Everflux is a term used to describe the constantly changing data in the search engine results pages (SERPs). Google is continuously crawling the Internet, indexing the data on their servers and then presenting it in accordance to their ranking criteria. This process is perpetual – hence, ‘ever-fluctuating’. Everflux is essentially observed in near real-time, although Google are constantly refining their techniques to make the updates even faster and more sophisticated.

In addition to the major, sweeping updates to Google’s ranking algorithm – such as the infamous Panda and Penguin updates or the more recent mobile-first index and Rankbrain – Everflux makes sure that all ranking factors are measured as close to real-time as possible. The immediacy of Everflux ensures that the most relevant and valuable information is presented to the user. This is especially beneficial to news websites who need to stay up-to-date with current events and larger websites with higher rates of page traffic, as they are likely to change their content regularly.     

How is it different to Google Dance?

Google Dance preceded Everflux and was one of Google’s early attempts to regularly refresh its index and rankings. Unlike the continuous synchronisation of Everflux, Google Dance took much longer and lead to fluctuating results over a 3 to 5 day period.

As search engine users demand a fast and reliable response to their inquiries, updates posed a serious problem to Google. Like all other search engines, Google couldn’t afford to shut down or go offline while they updated their database so they had to do it incrementally. Pre-2013 and continuous Panda updates, when it didn’t have the technological capacity to constantly crawl and index websites, Google would carry out a major index update about once a month. This resulted in leaping and bounding fluctuations in search result rankings – like a dance (we know, it’s a bit of a stretch, which is always important before a dance).    

The sporadic quality of the Google Dance meant that websites with shoddy, low-value content could exist near the top of search results for extended periods of time. This was bad for the search engine user and allowed the use of Black Hat SEO techniques to manipulate content before Google bots had a chance to properly measure its quality and rank it accordingly.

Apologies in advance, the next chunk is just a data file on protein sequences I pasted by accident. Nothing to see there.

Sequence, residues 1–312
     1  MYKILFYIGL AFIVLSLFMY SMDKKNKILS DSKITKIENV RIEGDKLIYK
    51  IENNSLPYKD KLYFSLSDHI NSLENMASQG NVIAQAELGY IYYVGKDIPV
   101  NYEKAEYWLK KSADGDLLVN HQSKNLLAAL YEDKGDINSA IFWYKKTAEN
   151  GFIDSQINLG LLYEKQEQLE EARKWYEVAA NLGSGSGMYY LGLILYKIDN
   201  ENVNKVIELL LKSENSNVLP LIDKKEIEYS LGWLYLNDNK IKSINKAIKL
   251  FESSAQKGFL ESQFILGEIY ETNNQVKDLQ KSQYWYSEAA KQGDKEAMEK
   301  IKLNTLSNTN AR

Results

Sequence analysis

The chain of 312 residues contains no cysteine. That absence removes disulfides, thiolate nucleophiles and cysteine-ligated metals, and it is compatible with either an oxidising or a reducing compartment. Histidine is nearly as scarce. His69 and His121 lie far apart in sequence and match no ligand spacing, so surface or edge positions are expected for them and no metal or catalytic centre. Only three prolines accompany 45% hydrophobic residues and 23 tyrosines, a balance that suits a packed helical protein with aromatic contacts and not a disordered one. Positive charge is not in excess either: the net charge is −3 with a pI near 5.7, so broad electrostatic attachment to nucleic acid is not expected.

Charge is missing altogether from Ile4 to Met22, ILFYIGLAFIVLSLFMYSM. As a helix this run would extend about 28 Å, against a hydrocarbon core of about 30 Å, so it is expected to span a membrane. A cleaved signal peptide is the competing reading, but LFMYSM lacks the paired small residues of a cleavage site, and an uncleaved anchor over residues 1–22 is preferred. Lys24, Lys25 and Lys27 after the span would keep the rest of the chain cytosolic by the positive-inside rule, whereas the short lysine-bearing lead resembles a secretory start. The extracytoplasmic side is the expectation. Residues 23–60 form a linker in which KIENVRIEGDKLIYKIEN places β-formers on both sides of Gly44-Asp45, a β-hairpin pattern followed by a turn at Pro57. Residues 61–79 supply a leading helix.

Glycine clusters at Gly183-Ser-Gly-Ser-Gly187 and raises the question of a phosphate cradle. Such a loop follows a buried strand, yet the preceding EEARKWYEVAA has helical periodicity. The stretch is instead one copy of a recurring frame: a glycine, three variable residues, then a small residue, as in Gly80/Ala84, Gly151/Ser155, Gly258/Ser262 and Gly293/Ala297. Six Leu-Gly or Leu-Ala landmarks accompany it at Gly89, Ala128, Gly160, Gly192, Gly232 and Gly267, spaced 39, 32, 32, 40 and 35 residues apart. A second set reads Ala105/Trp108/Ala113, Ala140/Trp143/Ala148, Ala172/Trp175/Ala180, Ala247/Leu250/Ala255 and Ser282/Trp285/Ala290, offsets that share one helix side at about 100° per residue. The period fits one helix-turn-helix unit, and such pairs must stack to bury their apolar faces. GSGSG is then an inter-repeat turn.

Why is Everflux good for SEO?

The continuous and constantly refining nature of Everflux ensures that the SERPs are always presenting the most relevant and valuable information possible. This means that websites are increasingly required to provide the best quality information for their target audience and make their content as accessible as possible.

Websites with topical content may find themselves at the top of the rankings initially but will quickly plummet if that content is not optimised, has no quality-relevant links or the site has poor usability. We also have to take into account the concept of time-decay in that topical content loses relevance far quicker than more evergreen content. The phenomenon of Everflux emphasises the importance of perfecting SEO techniques to consistently dominate the top positions of results pages and then reap the rewards.  

Ultimately, Everflux presents a more up to date bank of information. This allows us as SEOs to get our content indexed and ranking quickly, respond to market changes and provide our users with the very best information or solutions for their search queries.

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